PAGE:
Therapy is an effective way to heal and reverse the impact of these effects so that you can minimize the impact of triggers and feel more connected to your sense of safety and calm. 

Post-Traumatic Stress Disorder (PTSD) and Complex PTSD (C-PTSD) are two conditions that can develop as a result of experiencing trauma. It's important to understand these conditions, their symptoms, and how they specifically impact women.


What is PTSD?

Post-Traumatic Stress Disorder (PTSD) is a mental health condition triggered by experiencing or witnessing a traumatic event. These events can include but are not limited to:

  • Physical or sexual assault

  • Combat experiences

  • Natural disasters

  • Serious accidents

  • Childhood abuse or neglect

Symptoms of PTSD can vary widely but commonly include:

  • Flashbacks or intrusive memories of the traumatic event

  • Avoidance of reminders of the trauma

  • Negative changes in mood or thinking

  • Heightened reactions, including being easily startled or feeling tense

Complex PTSD in Women

Complex PTSD (C-PTSD), while not yet officially recognized as a distinct diagnosis in all mental health classification systems, is often used to describe a pattern of symptoms that can develop after prolonged and repeated trauma, particularly in situations where there is no escape or perceived threat to one’s life or safety. Women may be more likely to experience C-PTSD due to:

  • Chronic interpersonal trauma: Such as ongoing childhood abuse, intimate partner violence, or human trafficking.

  • Impact on identity: Trauma that occurs during critical periods of development can severely impact a woman’s sense of self, trust in others, and ability to form healthy relationships.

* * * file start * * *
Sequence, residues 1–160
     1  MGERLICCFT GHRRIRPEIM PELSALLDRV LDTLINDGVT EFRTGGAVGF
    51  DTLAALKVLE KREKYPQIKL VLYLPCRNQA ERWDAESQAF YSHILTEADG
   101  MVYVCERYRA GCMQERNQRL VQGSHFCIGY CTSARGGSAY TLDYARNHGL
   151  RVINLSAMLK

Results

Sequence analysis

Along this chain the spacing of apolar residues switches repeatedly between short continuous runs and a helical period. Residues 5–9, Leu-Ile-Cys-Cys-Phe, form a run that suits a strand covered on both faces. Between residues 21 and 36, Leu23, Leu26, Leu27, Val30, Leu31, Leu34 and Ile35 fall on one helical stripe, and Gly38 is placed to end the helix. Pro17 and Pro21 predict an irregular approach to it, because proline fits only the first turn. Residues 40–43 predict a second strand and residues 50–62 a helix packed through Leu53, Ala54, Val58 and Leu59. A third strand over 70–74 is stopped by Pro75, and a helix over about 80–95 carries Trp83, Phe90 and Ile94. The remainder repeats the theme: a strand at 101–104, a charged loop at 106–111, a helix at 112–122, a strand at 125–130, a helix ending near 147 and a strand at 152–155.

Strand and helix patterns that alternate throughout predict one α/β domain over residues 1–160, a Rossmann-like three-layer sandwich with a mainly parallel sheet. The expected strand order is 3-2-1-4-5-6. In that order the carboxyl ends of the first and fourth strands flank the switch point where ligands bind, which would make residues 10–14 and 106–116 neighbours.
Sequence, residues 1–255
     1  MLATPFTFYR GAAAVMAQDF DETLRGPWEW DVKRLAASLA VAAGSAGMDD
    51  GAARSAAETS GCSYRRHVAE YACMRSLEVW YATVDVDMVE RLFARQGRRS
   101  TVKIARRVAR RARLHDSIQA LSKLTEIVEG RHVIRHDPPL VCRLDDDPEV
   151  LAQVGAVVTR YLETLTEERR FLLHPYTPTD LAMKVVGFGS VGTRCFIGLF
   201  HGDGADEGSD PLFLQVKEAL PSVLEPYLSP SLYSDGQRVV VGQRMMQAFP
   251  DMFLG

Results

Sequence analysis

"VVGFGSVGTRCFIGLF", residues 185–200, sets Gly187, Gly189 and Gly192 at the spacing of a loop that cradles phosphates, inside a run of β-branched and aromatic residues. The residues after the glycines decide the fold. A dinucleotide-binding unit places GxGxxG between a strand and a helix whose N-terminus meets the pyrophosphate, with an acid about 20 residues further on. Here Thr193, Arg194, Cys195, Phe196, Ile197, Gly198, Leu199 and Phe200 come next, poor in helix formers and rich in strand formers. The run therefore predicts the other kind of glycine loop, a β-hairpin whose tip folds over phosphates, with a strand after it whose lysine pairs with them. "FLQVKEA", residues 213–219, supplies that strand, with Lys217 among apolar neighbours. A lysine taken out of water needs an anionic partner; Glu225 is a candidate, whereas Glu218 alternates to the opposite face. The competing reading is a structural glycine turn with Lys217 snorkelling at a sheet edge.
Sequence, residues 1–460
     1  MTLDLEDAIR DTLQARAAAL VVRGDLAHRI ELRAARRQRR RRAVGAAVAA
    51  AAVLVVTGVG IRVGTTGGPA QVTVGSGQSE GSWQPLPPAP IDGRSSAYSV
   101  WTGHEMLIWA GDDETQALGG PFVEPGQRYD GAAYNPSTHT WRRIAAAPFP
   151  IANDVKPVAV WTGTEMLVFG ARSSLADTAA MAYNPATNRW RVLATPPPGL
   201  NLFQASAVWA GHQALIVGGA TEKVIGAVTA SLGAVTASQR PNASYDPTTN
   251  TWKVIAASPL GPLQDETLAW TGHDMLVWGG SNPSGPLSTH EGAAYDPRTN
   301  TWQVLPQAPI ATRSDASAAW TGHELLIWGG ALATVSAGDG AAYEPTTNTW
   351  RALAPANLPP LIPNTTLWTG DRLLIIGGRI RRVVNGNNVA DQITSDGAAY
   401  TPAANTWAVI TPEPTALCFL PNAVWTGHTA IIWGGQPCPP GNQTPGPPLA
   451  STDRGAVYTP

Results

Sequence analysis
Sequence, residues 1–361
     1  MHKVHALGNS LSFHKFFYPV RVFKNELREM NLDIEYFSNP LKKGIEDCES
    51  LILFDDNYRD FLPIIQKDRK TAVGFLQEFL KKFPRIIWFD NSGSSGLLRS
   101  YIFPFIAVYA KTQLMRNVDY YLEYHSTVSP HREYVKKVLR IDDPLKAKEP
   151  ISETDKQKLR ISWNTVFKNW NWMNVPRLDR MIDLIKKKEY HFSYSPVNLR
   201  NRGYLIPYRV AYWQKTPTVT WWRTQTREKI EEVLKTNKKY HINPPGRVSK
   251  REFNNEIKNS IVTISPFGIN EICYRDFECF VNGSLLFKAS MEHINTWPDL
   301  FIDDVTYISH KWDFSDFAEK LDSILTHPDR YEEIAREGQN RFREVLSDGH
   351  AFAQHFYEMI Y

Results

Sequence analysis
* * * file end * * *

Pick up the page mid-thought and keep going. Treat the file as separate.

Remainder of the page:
• Social and cultural factors: Women may face unique societal pressures or discrimination that exacerbate trauma and complicate recovery.

Treatment and Support

Recovering from trauma and managing PTSD or C-PTSD often requires professional support. Treatment options may include:

  • Therapy: Cognitive Behavioral Therapy (CBT), Eye Movement Desensitization and Reprocessing (EMDR), and trauma-focused therapy can be effective.

  • Medication: Antidepressants or anti-anxiety medications may help manage symptoms.

  • Support groups: Connecting with others who have experienced similar trauma can provide validation and a sense of community.

  • Self-care: Techniques such as mindfulness, exercise, and relaxation exercises can complement formal treatment.


Empowering Women through Understanding

Educating oneself and others about women’s trauma, PTSD, and C-PTSD is crucial in creating a supportive environment where survivors can heal and thrive. It's important to recognize that recovery is a journey that looks different for everyone, and there is no one-size-fits-all approach.

If you or someone you know is struggling with trauma-related symptoms, please call or email us. With the right support and resources, it is possible to heal from trauma and regain a sense of safety and control in life.